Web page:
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Development of wave and surge atlas for the design and protection of coastal bridges in south Louisiana : [tech summary].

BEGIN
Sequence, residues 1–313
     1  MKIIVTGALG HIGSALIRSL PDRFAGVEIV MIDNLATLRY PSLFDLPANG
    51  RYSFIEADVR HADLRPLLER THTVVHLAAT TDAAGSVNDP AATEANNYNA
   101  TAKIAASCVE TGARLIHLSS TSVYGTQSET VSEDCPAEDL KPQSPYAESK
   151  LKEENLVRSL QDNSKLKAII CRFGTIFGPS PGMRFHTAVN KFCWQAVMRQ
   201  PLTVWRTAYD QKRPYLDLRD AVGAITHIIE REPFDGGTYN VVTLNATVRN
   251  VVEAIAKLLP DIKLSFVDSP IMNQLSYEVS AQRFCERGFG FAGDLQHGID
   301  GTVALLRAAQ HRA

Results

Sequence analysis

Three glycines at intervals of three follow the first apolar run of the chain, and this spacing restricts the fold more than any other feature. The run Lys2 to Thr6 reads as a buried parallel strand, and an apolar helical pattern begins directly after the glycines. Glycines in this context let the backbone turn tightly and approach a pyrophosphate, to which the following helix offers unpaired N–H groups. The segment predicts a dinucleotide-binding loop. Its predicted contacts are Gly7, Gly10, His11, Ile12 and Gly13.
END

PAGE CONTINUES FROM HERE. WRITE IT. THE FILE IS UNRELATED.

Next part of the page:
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    The failures of highway bridges on the Gulf Coast seen in the aftermath of Hurricane Katrina in 2005 were unprecedented. In the past four decades, wind waves accompanied by high surges from hurricanes have damaged a number of coastal bridges along the north coast of the Gulf of Mexico. Hurricane Camille in 1969 caused damage to bridges across Bay St. Louis and Biloxi Bay in Mississippi. Katrina damaged the same bridges rebuilt after Camille. In 1979, Hurricane Frederic destroyed the bridge connecting the mainland to Dauphin Island, a barrier island near the entrance of Mobile Bay, Alabama. In the 2004 hurricane season, Hurricane Ivan destroyed the bridge on I-10 over Escambia Bay in Florida. There are a large number of coastal bridges in South Louisiana. This study addresses several aspects of evaluation of these bridges including: how many bridges are vulnerable to the impact of hurricanes; determination of the design wave and surge conditions at those bridge locations; and calculation of the wave forces on the bridge superstructures. The storm surge elevation, wave height, and wave period are the three most important meteorological and oceanographic (met/ocean) parameters needed to calculate wave forces according to AASHTO’s Guide Specifi cation for Bridges Vulnerable to Coastal Storms. This information is currently not available for South Louisiana’s coastal waters. To address these concerns, LTRC funded this project to develop the design surge elevations and wave heights for South Louisiana, and present the data in a Geographical Information System (GIS) database.
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